Obesity has increased significantly in recent years in Australia putting it in the 21st worldwide rank and the 3rd rank in the Anglosphere for obesity according to the World Health Organization (WHO).
Overweight, often defined as weighing 20% more than your healthy ideal, affects more than 17 million Australians with 4 million falling in the obesity category with a Body Mass Index (BMI) higher than 30. Obesity was added to The Australian Federal Government list of ‘national health priorities’ in April 2008 raising it to the same attention standards of deadly diseases like diabetes, heart disease and cancer. Over 67% of Australian adults were overweight in 2007 according the WHO.
Obesity has been associated with coronary heart disease, cancer, gall bladder disease, skeletal-joint problems, diabetes, infections, and many other illnesses. Morbid obesity (i.e. weighing 100% above your healthy ideal weight) is associated with premature death due to a wide spectrum of illnesses.
What causes obesity?
Biopsychosocial factors- biological+ psychological+ social (family/friends)- have been found to contribute to the development of obesity. Research has shown that genetic factors and family history account for up to 60% of the variance in body fat. Lifestyle factors such as sedentary behaviour, high-fat food consumption, binge eating, and television viewing have also been associated with obesity.
Psychological and social factors such as stress, depression, access to a variety of highly attractive foods, and culture also play roles in the development of obesity and the development of binge eating patterns and, at times, of an eating disorder. The complex interaction between biological vulnerability in combination with psychological and social factors clearly demands an integrative biopsychosocial approach to prevention and treatment.
The question of how to lose weight and the pursuit of that goal has lead to a multimillion dollar weight loss industry. Sadly, the vast majority of those who attempt to lose weight, either on their own or in an organised and professionally run program do not maintain their weight loss. In fact about 95% of those who lose weight tend to regain all weight lost within five years.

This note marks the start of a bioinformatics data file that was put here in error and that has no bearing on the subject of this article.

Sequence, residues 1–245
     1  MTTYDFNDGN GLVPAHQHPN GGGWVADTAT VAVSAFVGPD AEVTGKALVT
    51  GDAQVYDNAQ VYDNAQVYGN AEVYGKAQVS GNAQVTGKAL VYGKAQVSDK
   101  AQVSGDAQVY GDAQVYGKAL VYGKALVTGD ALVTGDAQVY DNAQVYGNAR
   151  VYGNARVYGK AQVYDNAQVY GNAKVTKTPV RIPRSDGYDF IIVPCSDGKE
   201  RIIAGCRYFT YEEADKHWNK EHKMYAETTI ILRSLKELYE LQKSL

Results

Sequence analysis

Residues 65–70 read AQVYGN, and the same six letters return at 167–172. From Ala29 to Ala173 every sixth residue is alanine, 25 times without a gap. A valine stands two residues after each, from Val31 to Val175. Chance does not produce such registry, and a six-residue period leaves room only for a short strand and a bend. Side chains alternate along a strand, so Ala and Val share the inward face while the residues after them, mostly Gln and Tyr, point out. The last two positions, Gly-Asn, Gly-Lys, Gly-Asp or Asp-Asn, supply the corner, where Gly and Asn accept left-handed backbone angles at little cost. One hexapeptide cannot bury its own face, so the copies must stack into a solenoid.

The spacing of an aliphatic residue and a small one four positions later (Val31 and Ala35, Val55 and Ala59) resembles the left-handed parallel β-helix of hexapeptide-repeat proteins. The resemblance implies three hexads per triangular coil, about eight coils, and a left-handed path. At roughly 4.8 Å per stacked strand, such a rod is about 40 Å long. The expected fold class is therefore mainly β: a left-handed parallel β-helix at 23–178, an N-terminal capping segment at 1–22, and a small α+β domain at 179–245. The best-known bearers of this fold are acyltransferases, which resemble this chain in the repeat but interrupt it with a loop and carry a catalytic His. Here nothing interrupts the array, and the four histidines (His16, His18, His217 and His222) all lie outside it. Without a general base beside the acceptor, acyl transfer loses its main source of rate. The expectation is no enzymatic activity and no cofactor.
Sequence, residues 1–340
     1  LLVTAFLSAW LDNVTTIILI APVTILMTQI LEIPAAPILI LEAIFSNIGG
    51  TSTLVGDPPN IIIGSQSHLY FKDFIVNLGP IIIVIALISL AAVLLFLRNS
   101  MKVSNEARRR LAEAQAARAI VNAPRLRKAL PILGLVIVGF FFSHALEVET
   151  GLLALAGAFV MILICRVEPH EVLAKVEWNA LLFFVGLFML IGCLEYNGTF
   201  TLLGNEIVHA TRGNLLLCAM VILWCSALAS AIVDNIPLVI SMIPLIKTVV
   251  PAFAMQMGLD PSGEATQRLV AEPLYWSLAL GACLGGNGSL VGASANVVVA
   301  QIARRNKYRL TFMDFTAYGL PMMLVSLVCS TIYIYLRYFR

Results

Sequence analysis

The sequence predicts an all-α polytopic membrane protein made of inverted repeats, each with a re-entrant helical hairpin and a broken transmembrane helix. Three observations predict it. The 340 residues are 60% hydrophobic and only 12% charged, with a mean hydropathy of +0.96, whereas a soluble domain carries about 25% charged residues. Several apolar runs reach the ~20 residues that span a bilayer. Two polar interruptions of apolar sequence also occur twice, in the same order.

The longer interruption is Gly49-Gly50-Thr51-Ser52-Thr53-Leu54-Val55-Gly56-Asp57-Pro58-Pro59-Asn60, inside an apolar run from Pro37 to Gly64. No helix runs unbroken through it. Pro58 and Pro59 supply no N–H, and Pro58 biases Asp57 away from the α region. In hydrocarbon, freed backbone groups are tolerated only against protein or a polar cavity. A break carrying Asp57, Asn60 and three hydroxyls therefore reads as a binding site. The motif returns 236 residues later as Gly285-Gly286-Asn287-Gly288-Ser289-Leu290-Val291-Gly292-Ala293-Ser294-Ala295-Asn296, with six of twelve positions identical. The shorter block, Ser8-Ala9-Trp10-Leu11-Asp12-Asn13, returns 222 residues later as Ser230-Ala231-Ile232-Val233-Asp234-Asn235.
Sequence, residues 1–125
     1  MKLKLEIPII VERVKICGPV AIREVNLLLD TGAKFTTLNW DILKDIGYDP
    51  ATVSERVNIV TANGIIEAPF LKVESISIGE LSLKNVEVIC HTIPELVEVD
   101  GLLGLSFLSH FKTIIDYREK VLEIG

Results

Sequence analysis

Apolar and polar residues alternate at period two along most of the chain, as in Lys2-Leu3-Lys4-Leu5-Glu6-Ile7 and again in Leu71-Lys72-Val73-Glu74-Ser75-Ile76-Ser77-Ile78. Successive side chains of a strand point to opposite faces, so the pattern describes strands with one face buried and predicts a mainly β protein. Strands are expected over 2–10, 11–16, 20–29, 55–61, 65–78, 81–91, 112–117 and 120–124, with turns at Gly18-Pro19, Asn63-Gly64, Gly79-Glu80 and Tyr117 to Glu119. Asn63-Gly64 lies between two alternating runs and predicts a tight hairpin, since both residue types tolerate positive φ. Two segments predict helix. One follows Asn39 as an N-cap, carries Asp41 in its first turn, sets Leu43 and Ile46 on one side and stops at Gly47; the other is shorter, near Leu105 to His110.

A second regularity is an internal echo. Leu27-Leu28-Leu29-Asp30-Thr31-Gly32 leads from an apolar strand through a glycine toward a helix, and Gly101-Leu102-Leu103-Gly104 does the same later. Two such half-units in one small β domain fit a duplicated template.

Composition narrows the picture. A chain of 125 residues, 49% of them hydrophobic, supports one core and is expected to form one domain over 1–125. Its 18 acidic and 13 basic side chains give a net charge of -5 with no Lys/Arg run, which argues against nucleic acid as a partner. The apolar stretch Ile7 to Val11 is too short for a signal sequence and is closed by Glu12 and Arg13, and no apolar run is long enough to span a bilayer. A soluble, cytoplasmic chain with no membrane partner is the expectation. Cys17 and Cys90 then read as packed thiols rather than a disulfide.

Treatments for obesity include surgery, medication, and very low calorie liquid diets for those who are morbidly obese. Behavioural modification, problem-solving coping strategies, hypnotherapy, psychotherapy, group support, nutritional information programs, and exercise programs are also used to treat obesity. Multimodal approaches thus integrate medical intervention along with various forms of education and counselling. In addition to individual treatment, public health and informational approaches have also been used.
Psychological and behavioural interventions that focus on food intake, selection, and the role of emotions such as anxiety, depression, and low self-esteem must be considered as well as social and cultural factors like the access to high fat foods, and the ability and motivation to exercise. In general, multimodal treatments integrating biopsychosocial factors tend to be most successful when treating obesity.
Some treatment approaches are better for certain demographics. For example, Australian children under the age of 18 who have an obesity rate of 5-6% and an overweight rate of 23-24% best benefit from behavioural treatment. Because childhood obesity has been linked to shared lifestyle and polygenic factors, its most effective treatment approach is a comprehensive behavioural treatment program.
Furthermore, interventions such as medication can be used effectively in the treatment obesity. Although there is no magic pill that will allow people to eat whatever they want and never gain weight, a number of medications have been approved to help treat obesity. For example, Orlistat, which is a medication that inhibits pancreatic lipase, reduces dietary fat by approximately 30%. Research suggests that those on the medication are more likely to lose weight and regain less weight than control groups after treatment.
Research continues to find other biological interventions for obesity. For example, ciliary neurotrophic factor (CNTF) is a promising protein that activates the intracellular signalling pathways in the hypothalamus that regulates both body weight and food consumption. These medications, when used in combination with other biopsychosocial interventions, may be useful to the millions suffering from obesity. However, too often the public gets overly invested and excited about a promising “easy” way to control weight. Numerous medications, fad diets, and gadgets have been sold to the public only to be found to be ineffective or even dangerous.
It is worth mentioning that obesity in Australia more than doubled in the 20 years before 2003 according to The Medical Journal of Australia, and that if this rate of increase continues, one third of Australian children and 80% of Australian adults will be overweight or obese by 2020.
If you or someone you know struggles with obesity, Australia Counselling has counsellors and psychologists that can help you overcome issues related to obesity and overeating. Visit the Australia Counselling obesity page or eating disorders page to find a counsellor or psychologist in your local area.